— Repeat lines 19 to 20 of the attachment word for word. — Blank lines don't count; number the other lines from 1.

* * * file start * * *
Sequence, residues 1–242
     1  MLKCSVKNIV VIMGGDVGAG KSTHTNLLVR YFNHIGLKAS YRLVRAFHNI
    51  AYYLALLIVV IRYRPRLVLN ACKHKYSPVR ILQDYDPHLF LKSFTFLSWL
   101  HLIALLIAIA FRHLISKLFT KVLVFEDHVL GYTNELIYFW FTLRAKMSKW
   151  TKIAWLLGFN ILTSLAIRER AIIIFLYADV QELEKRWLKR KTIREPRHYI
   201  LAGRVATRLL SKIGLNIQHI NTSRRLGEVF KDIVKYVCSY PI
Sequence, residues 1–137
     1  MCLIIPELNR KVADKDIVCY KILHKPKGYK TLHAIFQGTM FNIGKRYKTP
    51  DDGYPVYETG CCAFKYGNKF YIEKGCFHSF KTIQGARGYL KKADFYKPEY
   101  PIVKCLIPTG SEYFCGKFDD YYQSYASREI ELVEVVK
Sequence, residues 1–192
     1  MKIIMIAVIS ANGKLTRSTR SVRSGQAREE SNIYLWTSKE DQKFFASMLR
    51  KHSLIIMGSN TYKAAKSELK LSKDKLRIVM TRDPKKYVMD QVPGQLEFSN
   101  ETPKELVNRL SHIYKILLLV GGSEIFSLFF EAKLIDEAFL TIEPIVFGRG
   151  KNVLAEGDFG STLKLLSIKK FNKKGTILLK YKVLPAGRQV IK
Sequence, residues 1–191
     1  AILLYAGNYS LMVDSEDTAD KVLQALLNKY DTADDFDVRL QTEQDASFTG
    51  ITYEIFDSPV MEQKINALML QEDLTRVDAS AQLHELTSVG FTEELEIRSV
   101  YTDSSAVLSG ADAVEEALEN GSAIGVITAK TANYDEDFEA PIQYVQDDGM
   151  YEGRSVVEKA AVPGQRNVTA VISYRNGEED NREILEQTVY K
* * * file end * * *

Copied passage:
   101  YTDSSAVLSG ADAVEEALEN GSAIGVITAK TANYDEDFEA PIQYVQDDGM
   151  YEGRSVVEKA AVPGQRNVTA VISYRNGEED NREILEQTVY K